Atmospheric pollution in cities due to harmful gasses is generally expressed in ppm.
Molarity of a solution
It is the number of moles of the solute dissolved per litre of the solution. It is represented as M. Thus, a solution which contains one gram mole of the solution dissolved per litre of the solution is regarded as one molar solution.
For example: 1M Na2CO3 (molar mass = 106) solution has 106 g of the solute present per litre of the solution.
Molarity = (Moles of solute / Volume of solution in litres) × 1000
The units of molarity are moles per litre (mol L-1)
or moles per cubic decimetre (mol dm-3).
The symbol M is used for mol L-1 or mol dm-3
If nB moles of solute are present in V mL of solution, then
Molarity = nB / V x 1000
Moles of solute = Moles of solute / Molar mass of solute
Molarity has one disadvantage. It changes with temperature because of expansion or contraction of the liquid with temperature.
Molality is considered better for expressing the concentration as compared to molarity because the molarity changes with temperature because of expansion on contraction of the liquid with temperature. However, molality does not change with temperature because mass of the solvent does not change with change in temperature.
It is the number of moles of the solute dissolved per 1000 g (or 1 kg) of the solvent. It is denoted by m.
Thus, a solution which contains one gram mole of a solute dissolved in 1 kg of water is regarded as 1 molal solution.
For example: 1.0 m solution of KCl means that 1 mol (74.5 g) of KCl is dissolved in 1 kg or
1000 g of water.
The units of molality are moles per kilogram i.e., mol kg-1. It is represented by the symbol m.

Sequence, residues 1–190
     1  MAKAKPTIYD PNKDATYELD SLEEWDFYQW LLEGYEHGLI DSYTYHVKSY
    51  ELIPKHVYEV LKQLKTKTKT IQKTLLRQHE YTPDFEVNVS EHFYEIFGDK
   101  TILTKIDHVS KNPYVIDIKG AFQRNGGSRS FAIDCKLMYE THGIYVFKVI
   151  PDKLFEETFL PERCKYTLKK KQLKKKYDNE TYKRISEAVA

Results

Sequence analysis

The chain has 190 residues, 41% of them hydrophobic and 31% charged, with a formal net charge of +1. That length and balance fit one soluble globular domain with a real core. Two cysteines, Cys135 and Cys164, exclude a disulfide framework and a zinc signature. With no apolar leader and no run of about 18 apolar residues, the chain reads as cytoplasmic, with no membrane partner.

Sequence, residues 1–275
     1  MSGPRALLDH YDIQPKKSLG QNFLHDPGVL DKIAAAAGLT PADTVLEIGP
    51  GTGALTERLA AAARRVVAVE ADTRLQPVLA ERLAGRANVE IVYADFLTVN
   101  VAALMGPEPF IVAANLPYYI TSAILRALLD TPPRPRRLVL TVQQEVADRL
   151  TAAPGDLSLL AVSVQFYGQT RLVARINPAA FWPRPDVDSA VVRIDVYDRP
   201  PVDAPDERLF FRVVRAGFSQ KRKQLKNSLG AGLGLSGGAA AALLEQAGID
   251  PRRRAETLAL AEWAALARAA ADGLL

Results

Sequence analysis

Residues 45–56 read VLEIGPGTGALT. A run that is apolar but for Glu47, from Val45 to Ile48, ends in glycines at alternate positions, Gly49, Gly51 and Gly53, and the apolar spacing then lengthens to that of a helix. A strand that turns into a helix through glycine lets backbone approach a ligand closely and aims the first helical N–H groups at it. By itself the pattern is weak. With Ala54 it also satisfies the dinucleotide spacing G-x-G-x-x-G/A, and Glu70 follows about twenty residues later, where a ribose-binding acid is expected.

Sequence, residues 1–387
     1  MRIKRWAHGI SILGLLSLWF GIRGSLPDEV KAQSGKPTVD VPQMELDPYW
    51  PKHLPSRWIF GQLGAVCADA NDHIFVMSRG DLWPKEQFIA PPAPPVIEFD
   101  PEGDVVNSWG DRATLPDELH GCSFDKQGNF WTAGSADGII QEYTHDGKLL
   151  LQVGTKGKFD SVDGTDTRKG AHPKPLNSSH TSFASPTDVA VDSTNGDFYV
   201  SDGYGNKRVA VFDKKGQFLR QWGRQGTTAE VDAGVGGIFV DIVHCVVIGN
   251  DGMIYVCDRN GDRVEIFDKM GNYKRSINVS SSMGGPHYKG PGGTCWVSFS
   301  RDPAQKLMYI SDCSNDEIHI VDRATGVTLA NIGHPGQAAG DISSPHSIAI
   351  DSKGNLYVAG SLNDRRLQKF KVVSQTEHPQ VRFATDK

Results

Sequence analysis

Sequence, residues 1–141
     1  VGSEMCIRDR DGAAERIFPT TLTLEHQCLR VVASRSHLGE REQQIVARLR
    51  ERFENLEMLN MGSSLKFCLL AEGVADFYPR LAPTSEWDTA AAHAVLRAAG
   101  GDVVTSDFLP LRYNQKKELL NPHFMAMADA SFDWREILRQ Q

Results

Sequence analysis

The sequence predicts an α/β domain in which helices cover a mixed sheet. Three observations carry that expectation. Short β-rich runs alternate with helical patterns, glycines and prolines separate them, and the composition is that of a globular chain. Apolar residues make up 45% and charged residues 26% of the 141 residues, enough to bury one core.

If nB moles of solute are dissolved in W grams of solvent, then
Molality = nB / V x 100
It is the ratio of number of moles of one component to the total number of moles (solute and solvent) present in the solution.
A solution contains nA moles of solute and nB moles of the solvent.Then
The sum of mole fractions of all the components in solution is always equal to one.
If the mole fraction of one component of a binary solution is known, that of the other can be calculated.
XB =1- XA
It is the number of gram equivalents of the solute dissolved per litre of the solution. It is denoted by N.
The units of normality are gm equivalent per litre i.e, g equiv L-1.
Like molarity, normality of a solution also changes with temperature.
Relationship between Normality and Molarity of Solutions
The normality and molarity of a solution are related as:
Normality = (Molarity x Molar mass) / Equivalent mass
Normality = Molarity x Basicity
where basicity is the number of H+ ions that a molecule of an acid can give in solution.
For example: Normality of H2SO = 2 x Molarity of H2SO4
Normality of H3PO4 = 3 x Molarity of H3PO4
Normality = Molarity x Acidity
where acidity is the number of OH¯ ions that a molecule of base can give in solution.
For example: Normality of KOH = 1 x Molarity of KOH
Normality of Ba(OH)2 = 2 × Molarity of Ba(OH)2
It is the number of formula masses of the solute dissolved per litre of the solution. It is represented by F.
The term formality is used to express the concentrations of ionic substances.
The ionic compounds such as NaCl, KNO3, CuSO4, etc. do not exist as discrete molecules. In such cases, we do not use the term mole for expressing the concentration. The sum of the atomic masses of various atoms constituting the formula of the ionic compounds is called gram formula mass.